Worst case scenarios aren’t very pleasant at all, but even with the best-laid plans, you can’t predict every eventuality. That’s the reason you should consider getting covered.
Unfortunately, we’re all likely to have a bad experience while on the road at some point or another – or at least know someone who has – and this is especially true of long-term travelers.
Permit us, if you will, to regale you with some examples, starting with Cez and his mishap in China.
Accidents Traveling Abroad
Cez was working as an English teacher in a school in China when he had an unfortunate accident. While teaching the kids on what should have usually been a normal day like any other, he twisted his knee and was left in a leg cast for the best part of 6 months (and undertaken 2 surgeries).
In a foreign country, in a strange hospital and with a significant language barrier, you can imagine how stressful and upsetting and expensive this situation would have been!
Agness fared no better if a very different experience. While also in China teaching, she had the misfortune of being bitten by a spider while sleeping. Rather than turning into Spiderwoman, her whole face was infected, and from her neck upwards looked like it had been burnt.
She was on extremely strong medication for a number of weeks before the infection calmed down. Not a pleasant experience at all!
And we’ve loads of traveling friends who have been in similar situations.
A friend backpacking through Bulgaria had his entire backpack stolen from a hostel dorm room! It was filled only with clothing – but someone decided they wanted it all anyway!
A friend traveling through Latvia was robbed at knifepoint!
Another travel acquaintance broke his leg while skiing and another had her hair straighteners stolen from a hostel in Nicaragua!
A mate traveling Romania had all his saved foreign currency stolen from his backpack, another was removed of all his pro camera equipment, and we can guarantee you know someone who has been taken seriously ill while being on the road.
Consequences of Accidents Abroad
Accidents and mishaps do happen – this list is in no way exhaustive – and so it’s vital that you protect yourself and your belongings.
Luckily for us, when we had our mishaps in China we were covered by the school – but we might not have been so fortunate. The medical bills alone were enormous, and the thought of having to pay for it all ourselves utterly terrifying.
Picture the scene – you’ve managed to save a good backpack budget for a six-month tour of south East Asia, then you’re hit with a $10,000 bill because you needed emergency medical treatment for an accident. We don’t know about you – but that is a seriously scary thought for us! It would all but end your traveling dreams.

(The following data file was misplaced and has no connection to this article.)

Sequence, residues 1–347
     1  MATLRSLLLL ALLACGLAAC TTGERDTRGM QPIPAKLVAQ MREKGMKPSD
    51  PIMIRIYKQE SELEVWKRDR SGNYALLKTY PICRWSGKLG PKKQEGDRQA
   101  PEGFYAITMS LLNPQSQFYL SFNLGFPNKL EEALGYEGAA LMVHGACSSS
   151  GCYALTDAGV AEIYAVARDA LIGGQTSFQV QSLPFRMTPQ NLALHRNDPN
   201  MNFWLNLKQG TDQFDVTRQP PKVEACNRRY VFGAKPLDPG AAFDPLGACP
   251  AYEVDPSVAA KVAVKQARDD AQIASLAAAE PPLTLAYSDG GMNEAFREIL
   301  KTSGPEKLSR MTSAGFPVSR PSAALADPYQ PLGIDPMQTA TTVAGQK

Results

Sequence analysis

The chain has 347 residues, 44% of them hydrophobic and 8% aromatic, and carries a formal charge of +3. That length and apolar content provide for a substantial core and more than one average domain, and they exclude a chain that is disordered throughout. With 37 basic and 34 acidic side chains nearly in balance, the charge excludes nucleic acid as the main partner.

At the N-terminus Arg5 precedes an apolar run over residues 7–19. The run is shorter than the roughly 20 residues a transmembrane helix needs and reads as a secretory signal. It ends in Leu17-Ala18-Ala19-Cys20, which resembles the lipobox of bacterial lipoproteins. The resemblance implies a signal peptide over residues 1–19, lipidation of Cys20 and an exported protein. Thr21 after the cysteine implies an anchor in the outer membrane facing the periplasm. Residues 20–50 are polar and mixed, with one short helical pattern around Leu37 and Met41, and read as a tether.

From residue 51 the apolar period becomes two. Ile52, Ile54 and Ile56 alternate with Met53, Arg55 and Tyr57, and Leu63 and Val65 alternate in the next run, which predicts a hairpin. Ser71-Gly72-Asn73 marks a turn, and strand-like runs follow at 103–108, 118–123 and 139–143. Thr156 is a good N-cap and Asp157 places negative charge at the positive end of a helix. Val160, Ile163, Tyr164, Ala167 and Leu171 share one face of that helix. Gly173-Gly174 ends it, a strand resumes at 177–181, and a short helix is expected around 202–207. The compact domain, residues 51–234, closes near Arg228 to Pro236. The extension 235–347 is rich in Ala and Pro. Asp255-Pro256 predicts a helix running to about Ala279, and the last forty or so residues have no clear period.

Perhaps one of the most important things you can do when organizing a trip abroad is to make sure you have adequate travel insurance.
This is often overlooked – especially for long-term travelers, as the right kind of cover is often hard to find. Many companies aren’t very approachable, they don’t cater for your needs or it’s simply a minefield trying to find the right policy.
Most insurance policies require you to begin and end your trip in your home country, within 6 months. Go check the wording of the insurance you usually get. That’s only a small part of the list of exclusions.
Travel Insurance for Long-Term Travelers/ Digital Nomads
Below is an overview of two policies designed for long-term travelers/ digital nomads:
- Nomad Insurance: USD 37 per month – flat fee regardless of where you go (apart from the US, which is a bit more expensive but still possible to cover). Cez had a dental emergency in Singapore just before his Everest Base Camp trek and he had all of his dental expenses covered by this insurance.
- Remote Health: medical coverage for those who work abroad (like digital nomads and expats) or employ people in other countries and want to provide them with medical coverage. Especially good now during the worldwide health crisis (when most other insurers refuse to cover for it).
Short-Term Travel Insurance
In many situations, paying $37 for 1-month policy while you’re going for 2-3 weeks only may still work out better than other options. However, if you’re intending on extreme sports or need an extra peace of mind, you can go for a premium/adventure travel insurance.
It’s a bit more expensive and covers you for more activities with higher limits. However, we found them to be very strict with the wording/details of the situations and Agness’s current claim is on hold until she gets a GP report from her home country (where she is not intending to go in the foreseeable future). Still, it’s likely to be positively resolved at some point so it’s just a small inconvenience.
When you’re all packed up, tickets in hand, you’ve made sure someone is going to feed the cat and you’re busting a gut to get on the road, you can bet your bottom dollar you’ll have forgotten something. Make sure whatever it is that’s slipped your mind – it’s not a travel insurance. Or your passport – because that would be bad too.